That does look really nice. I’d be on board with them removing the black from the helmet and essentially becoming more of a red and white team than a red and gold team. I do like the idea of keeping gold as a tiny accent in the stripe of an otherwise red and white look.
  5. andrewharrington

    NFL changes 2019

    That does look really nice. I’d be on board with them removing the black from the helmet and essentially becoming more of a red and white team than a red and gold team. I do like the idea of keeping gold as a tiny accent in the stripe of an otherwise red and white look.
  6. andrewharrington

    College Football Uniforms - 2019

    The basic form of the 2 is similar to the standard MLB numbers, but the pointed counters and thickness of the numbers depart from it. I actually like the Gators’ football numbers for the most part, though the trim on them is so small it may as well not even be there. Filling in the blue gap with orange would work better for me.
  7. andrewharrington

    does the Colts' striping inconsistency bother you?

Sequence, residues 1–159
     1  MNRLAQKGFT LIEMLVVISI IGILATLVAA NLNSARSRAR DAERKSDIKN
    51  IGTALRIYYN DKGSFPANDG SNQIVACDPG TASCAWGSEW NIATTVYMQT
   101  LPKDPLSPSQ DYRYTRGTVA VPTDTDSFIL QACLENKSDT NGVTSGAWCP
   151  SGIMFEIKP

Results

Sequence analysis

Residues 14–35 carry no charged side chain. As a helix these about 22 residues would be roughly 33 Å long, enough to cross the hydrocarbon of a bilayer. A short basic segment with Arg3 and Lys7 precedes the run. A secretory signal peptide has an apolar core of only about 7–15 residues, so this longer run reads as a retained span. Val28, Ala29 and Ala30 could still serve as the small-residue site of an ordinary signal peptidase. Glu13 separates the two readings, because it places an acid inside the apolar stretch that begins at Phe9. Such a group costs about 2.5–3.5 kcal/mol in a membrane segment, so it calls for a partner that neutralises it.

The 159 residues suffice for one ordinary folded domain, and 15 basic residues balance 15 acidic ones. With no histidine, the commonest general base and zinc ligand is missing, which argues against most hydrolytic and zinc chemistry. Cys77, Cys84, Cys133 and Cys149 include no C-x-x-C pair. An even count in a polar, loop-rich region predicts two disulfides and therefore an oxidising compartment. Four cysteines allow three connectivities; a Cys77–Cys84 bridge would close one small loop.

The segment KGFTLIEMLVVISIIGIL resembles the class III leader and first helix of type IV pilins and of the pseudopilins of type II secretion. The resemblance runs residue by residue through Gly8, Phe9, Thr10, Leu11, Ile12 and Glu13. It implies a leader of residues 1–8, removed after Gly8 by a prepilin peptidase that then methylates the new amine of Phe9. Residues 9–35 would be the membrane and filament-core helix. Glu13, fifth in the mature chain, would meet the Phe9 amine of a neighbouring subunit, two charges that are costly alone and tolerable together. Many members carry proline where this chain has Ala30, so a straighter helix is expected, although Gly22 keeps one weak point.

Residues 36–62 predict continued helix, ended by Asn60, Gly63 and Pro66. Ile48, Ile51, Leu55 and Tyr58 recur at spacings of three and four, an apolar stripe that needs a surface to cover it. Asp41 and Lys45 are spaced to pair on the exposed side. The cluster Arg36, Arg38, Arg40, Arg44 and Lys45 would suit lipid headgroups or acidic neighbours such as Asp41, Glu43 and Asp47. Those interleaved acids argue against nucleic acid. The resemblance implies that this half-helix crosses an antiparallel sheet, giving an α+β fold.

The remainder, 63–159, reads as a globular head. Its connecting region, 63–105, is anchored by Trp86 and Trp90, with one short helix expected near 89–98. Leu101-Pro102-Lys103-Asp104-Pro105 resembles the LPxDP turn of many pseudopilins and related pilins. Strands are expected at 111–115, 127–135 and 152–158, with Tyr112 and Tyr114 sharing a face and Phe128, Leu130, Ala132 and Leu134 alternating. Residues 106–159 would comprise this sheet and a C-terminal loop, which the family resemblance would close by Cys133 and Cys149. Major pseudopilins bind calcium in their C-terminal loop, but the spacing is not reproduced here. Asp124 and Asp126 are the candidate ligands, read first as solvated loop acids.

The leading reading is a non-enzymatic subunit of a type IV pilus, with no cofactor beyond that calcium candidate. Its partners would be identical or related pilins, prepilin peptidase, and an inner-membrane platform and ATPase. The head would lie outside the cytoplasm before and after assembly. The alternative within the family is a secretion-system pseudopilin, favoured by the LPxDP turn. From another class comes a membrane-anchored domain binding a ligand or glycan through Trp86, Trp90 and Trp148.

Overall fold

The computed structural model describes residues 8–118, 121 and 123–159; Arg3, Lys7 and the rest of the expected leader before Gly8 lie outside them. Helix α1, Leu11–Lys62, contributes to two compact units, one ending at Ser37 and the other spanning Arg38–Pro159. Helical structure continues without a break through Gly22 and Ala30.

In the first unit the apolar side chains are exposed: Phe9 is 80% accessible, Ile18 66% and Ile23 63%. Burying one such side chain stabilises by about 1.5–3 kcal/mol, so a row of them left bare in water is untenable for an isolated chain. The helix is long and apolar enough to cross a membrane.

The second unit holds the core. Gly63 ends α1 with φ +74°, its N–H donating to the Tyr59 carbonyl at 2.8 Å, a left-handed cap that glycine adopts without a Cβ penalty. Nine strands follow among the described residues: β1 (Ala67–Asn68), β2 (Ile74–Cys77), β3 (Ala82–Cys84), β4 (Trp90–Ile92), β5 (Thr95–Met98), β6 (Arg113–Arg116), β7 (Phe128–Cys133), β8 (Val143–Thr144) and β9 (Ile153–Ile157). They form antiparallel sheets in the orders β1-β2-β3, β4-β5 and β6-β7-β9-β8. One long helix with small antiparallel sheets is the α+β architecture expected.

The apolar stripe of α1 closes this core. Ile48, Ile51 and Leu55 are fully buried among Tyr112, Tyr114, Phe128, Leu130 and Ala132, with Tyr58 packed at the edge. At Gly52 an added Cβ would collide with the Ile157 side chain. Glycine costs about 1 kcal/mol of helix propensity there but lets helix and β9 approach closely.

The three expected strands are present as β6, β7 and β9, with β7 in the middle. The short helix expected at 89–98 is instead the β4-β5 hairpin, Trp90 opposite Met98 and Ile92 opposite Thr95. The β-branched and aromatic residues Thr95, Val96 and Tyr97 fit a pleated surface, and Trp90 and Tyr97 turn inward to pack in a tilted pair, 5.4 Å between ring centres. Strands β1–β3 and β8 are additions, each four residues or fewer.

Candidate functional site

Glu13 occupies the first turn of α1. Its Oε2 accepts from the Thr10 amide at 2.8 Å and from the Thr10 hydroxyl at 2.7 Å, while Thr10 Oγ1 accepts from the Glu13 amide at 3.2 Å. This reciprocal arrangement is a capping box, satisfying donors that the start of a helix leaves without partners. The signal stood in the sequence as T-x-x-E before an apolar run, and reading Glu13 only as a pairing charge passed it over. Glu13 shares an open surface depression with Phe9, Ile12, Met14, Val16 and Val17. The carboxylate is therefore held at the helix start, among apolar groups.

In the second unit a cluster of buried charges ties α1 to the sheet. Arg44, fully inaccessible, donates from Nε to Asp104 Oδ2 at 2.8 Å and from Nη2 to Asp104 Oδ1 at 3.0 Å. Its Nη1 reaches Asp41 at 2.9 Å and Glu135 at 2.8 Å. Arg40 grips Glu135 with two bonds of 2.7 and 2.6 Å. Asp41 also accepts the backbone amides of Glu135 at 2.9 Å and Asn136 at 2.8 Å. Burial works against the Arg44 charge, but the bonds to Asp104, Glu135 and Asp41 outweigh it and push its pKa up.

This is the most common way that design has attempted to fix the visual shortcomings of blocked off stripes. It certainly works well when the players’ arms are at their sides, and while it is unquestionably better, to me it just scoots the problem down a little lower. I’d even argue that the conglomeration of seams and panels under the arm is not only just as ugly, but probably not very comfortable, either. UCLA’s new stripes actually feel a little narrow to me as well, and I’ll take it to the grave that this jersey would look better if the stripes were wedged and tapered into the shoulder seam like Johnny’s.
  8. andrewharrington

    does the Colts' striping inconsistency bother you?

    They are. I think it’s serviceable because the full stripe design takes up a larger amount of space and we’re used to seeing it done that way for decades now. No one’s ever done a blocked off single stripe (to my knowledge), so it looks odd to see it that way. Both patterns, though, I think look better wedged into the shoulder seam, as demonstrated by Houston and that old pic of Johnny U.
  9. andrewharrington

    New York Jets are confirmed to be getting new uniforms in 2019